CEOs and revenue leaders often ask me “What is the most important thing I can do to drive sales revenue more consistently?” My response is always the same: train your sales team to start and end every sales conversation on buyer goals and payoffs. If you stop leading with your product and build an authentic experience anchored on what buyers value most, you will win the hearts and minds of your buyers.
One team that did an exceptional job of shifting from a product-led selling approach to an authentic buyer journey early in its growth trajectory is AdmitHub. I recently had a chance to talk with co-founder Kirk Daulerio about this evolution.
Shifting from Product Selling to an Authentic Buyer Journey Ignites Growth
“We thought we were changing the world by harnessing artificial intelligence (AI) to personalize the college enrollment process,” Kirk told me. “As a first-generation college student myself and a former college admissions leader, I was excited to share our conversational AI product with college leadership and thought they would be very excited to learn about it. The reality, however, was that AdmitHub did not really take off and start changing the world until we stopped talking about our product and focused first on the problem each of our buyers was trying to solve.”
AdmitHub’s platform uses conversational AI to enable two-way texting conversations with thousands of students at one time in a way that would never be possible with human advisors alone. The company’s college and university clients use AdmitHub to boost enrollment by increasing the number of accepted students who enroll and by retaining more enrolled first-year students into the second year of college and beyond.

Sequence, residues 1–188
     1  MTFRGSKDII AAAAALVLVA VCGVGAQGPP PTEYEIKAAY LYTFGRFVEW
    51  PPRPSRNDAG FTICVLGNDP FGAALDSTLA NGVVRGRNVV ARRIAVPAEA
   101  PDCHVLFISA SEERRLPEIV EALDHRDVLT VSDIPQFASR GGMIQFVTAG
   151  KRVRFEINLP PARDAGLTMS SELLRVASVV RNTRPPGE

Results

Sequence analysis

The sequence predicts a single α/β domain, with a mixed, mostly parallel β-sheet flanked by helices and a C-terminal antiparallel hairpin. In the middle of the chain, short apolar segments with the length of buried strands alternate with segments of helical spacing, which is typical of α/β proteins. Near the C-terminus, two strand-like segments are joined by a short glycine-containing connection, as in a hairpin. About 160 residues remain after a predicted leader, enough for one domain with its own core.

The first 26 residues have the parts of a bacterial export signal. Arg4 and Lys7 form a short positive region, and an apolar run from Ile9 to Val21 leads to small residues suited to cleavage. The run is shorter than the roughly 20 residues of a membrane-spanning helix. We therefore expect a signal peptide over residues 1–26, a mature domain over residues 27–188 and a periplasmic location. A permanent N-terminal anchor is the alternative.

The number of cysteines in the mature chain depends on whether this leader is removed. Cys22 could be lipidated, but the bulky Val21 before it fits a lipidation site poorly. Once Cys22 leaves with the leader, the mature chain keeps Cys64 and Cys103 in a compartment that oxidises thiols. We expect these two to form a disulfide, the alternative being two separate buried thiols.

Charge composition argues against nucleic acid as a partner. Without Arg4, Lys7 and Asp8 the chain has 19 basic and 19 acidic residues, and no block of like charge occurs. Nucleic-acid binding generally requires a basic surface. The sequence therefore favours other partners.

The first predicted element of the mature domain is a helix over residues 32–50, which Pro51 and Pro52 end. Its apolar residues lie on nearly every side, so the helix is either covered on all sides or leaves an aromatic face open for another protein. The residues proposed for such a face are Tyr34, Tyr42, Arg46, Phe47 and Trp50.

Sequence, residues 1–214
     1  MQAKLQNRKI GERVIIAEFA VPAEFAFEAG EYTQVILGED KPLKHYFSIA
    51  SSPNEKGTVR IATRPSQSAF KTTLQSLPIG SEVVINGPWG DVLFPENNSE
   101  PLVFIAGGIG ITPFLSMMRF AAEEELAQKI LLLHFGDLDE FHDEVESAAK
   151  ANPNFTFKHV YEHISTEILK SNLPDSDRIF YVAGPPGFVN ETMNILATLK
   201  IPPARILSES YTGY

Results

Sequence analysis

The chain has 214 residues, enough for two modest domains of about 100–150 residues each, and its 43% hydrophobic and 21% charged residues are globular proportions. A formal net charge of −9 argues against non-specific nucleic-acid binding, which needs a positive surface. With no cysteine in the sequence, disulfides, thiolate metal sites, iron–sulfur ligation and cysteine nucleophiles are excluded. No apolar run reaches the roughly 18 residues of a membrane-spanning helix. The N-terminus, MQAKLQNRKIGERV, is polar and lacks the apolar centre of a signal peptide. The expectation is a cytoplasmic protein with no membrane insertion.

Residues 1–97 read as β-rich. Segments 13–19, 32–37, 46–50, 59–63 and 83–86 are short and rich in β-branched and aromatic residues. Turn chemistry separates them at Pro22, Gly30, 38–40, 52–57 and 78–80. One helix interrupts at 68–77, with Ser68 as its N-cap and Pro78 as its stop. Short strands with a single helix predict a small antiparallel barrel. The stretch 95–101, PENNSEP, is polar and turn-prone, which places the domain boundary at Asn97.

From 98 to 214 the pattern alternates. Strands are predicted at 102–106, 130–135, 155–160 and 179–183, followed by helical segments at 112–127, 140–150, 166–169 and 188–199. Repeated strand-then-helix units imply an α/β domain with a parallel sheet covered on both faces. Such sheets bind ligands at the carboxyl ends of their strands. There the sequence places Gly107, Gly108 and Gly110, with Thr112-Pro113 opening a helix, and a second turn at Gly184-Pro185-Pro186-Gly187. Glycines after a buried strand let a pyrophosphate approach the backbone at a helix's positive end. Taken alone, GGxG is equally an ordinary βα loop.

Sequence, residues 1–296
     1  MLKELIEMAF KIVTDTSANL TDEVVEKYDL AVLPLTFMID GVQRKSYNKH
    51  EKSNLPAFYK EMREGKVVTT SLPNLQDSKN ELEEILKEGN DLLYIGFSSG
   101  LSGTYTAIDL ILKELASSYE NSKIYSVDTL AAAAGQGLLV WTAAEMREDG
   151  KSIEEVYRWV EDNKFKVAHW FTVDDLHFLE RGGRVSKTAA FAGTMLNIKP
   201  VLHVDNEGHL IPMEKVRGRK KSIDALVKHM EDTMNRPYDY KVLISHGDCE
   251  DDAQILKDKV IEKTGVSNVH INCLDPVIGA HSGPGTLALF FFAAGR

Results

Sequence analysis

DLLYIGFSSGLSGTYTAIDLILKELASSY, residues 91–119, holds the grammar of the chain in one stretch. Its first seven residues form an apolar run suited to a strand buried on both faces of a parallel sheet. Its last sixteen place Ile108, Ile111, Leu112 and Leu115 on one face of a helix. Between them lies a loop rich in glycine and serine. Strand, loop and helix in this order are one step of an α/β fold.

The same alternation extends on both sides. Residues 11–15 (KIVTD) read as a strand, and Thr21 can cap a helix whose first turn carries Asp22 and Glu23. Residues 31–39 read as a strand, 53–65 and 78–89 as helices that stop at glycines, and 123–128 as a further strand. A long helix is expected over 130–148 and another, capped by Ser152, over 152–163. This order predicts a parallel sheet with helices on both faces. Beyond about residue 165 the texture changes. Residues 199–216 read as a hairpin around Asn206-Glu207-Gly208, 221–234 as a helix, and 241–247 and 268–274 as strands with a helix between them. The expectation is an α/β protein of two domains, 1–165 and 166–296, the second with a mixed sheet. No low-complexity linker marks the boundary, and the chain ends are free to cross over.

Kirk knew AdmitHub had a powerful solution but he credits the company’s enviable growth trajectory to its shift in sales strategy. When the team at AdmitHub realized that their product-selling approach wasn’t working, they re-evaluated their approach and shifted from a focus on selling the product to a focus on the buyer’s needs and challenges, in the process creating an authentic buyer journey anchored on what each buyer values most. Over the next two years, AdmitHub grew at more than 250% per year and went from being a promising start-up to a market-leading premier provider of conversational AI to colleges and universities.
How Did AdmitHub Make the Shift? Starting with Deep Discovery
“There were four key changes,” Kirk explained, “First, we got really focused on good buyer discovery and had the team move from talking about our product first to engaging buyers on their goals.”
An authentic buyer journey starts with strong questioning. For Kirk and his early team leading sales at AdmitHub the shift to an authentic buyer journey meant, most importantly, starting each buyer conversation focused on their prospect’s enrollment goals.
“The team got a lot better at asking targeted questions, Kirk continued. “We began to start each meeting learning about the institution’s goals for yielding more of their admitted applicants, reducing the number of enrolled students that did not show up in the fall – what enrollment leaders call ‘summer melt’ – as well as increasing first year retention.”
For Kirk and early team leading sales at AdmitHub the shift to an authentic buyer journey meant most importantly starting each buyer conversation focused on their enrollment goals.
“We started to think about how good our discovery was in each buyer call,” says Kirk. “We would review call videos and ask ourselves: Did we continue our questioning until we got to a specific enrollment goal and target improvement? Did we find more than one goal that might motivate a purchase? Did we respond too quickly to their first question by starting to pitch our product?”
The Touchdown Dance: Anchoring on a Buyer Gain